from an ETL background.  Ultimately it
would be great if we get you to help us do that with us ;-)   Please don't
be shy letting us know you're expectations.  We're new here too.


On Fri, Jan 2, 2015 at 1:50 PM, Edenfield, Orrin <>

> Mark,
> I follow the logic here I just think over time it will be really hard 
> to keep track of things when there are hundreds (or thousands) of 
> processors - rather than hundreds of different flows (organized within 
> a source control tree or similar) that all have 5-50 different processors within them.
> I'd be interested to learn about how the Process Groups component 
> works so if you do get time to draw an example I think that would be helpful.
> Thank you.
> --
> Orrin Edenfield
> -----Original Message-----
> From: Mark Payne []
> Sent: Friday, January 02, 2015 12:34 PM
> To:; Edenfield, Orrin
> Subject: Re: Multiple dataflows with sub-flows and version control
> Orrin,
> Within NiFi you can create many different dataflows within the same 
> graph and run them concurrently. We've built flows with several 
> hundred Processors. They data can flow between flows by simply 
> connecting the Processors together.
> If you want to separate the flows logically because it makes more 
> sense to you to visualize them that way, you may want to use Process Groups.
> I'm on my cell phone right now so I cannot draw up an example for you 
> but I will this afternoon when I have a chance. But the basic idea is 
> that for
> #1 you would have:
> GetFile -> PutHDFS
> And along side that another GetFile -> CompressContent -> the same PutHDFS.
> In this case you can even do this with the following flow:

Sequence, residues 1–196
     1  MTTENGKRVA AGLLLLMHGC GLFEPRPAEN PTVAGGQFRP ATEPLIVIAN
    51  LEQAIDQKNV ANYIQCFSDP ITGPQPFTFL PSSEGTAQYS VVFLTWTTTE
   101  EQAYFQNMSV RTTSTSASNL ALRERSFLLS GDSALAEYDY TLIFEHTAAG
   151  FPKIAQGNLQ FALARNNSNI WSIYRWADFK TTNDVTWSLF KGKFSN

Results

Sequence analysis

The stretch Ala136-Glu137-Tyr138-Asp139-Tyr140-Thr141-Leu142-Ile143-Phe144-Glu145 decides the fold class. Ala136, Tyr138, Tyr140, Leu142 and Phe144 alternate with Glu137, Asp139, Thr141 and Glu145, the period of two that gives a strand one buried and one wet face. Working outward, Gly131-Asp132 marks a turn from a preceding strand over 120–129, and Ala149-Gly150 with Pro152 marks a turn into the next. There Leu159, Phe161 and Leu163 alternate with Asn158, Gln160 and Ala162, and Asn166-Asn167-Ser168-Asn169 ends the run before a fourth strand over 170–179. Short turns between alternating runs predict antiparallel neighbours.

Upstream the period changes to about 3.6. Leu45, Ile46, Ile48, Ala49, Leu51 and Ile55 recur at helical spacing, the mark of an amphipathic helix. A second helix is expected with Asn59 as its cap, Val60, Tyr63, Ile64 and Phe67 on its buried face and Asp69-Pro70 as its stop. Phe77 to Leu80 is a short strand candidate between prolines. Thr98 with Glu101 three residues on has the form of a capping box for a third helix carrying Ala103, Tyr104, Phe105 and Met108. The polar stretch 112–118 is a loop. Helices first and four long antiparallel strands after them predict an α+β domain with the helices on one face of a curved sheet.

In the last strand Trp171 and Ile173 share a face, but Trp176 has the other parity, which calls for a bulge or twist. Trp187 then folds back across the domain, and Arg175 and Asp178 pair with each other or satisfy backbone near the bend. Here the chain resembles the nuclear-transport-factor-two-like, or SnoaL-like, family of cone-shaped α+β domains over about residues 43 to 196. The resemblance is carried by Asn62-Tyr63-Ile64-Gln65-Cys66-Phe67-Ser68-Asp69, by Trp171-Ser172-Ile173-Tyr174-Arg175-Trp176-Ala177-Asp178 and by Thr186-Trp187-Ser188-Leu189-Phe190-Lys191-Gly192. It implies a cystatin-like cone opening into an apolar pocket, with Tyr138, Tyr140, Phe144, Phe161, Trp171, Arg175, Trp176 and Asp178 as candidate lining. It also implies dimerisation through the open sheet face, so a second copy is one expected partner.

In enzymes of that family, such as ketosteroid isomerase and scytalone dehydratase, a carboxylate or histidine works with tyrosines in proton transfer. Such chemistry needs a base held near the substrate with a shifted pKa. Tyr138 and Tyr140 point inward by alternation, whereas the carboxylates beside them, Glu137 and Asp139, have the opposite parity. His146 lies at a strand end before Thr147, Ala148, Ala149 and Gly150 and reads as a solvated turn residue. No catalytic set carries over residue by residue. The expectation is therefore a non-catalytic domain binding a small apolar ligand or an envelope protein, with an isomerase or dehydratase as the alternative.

> GetFile -> IdentifyMimeType (to check if compressed) -> 
> CompressContent (set to decompress and the compression type come from 
> mime type, which is identified by the previous processor) -> PutHDFS
> With regards to #2:
> You can build the new flow right along side the old flow. When you are 
> ready to switch, simply change the connection to send data to the new 
> flow instead of the old one.
> Again, I'll put together some examples this afternoon with screen 
> shots that should help. Let me know if this helps or if it creates 
> more questions (or both :))
> Thanks
> -Mark
> Sent from my iPhone
> > On Jan 2, 2015, at 11:37 AM, Edenfield, Orrin 
> > <>
> wrote:
> >
> > Hello everyone - I'm new to the mailing list and I've tried to 
> > search
> the JIRA and mailing list to see if this has already been addressed 
> and didn't find anything so here it goes:
> >
> > When I think about the capabilities of this tool I instantly think 
> > of
> ETL-type tools. So the questions/comments below are likely to be 
> coming from that frame of mind - let me know if I've misunderstood a 
> key concept of NiFi as I think that could be possible.
> >
> > Is it possible to have NiFi service setup and running and allow for
> multiple dataflows to be designed and deployed (running) at the same time?
> So far in my testing I've found that I can get NiFi service up and 
> functioning as expected on my cluster edge node but I'd like to be 
> able to design multiple dataflows for the following reasons.
> >
> > 1. I have many datasets that will need some of the same flow actions 
> > but
> not all of them. I'd like to componentize the flows and possibly have 
> multiple flows cascade from one to another. For example:  I will want 
> all data to flow into an HDFS endpoint but dataset1 will be coming in 
> as delimited data so it can go directly into the GetFile processor 
> while I need dataset2 to go through a CompressContent processor first.
> >
> > 2. Because I have a need in #1 above - I'd like to be able to design
> multiple flows (specific to a data need or component flows that work
> together) and have them all be able to be deployed (running) concurrently.
> >
> > Also - it would be nice to be able to version control these designed
> flows so I can have 1 flow running while modifying a version 2.0 of 
> that flow and then once the updates have been made then I can safely 
> and effectively have a mechanism to shut down flow.v1 and start up flow.v2.
> >
> > Thank you.
> >
> > --
> > Orrin Edenfield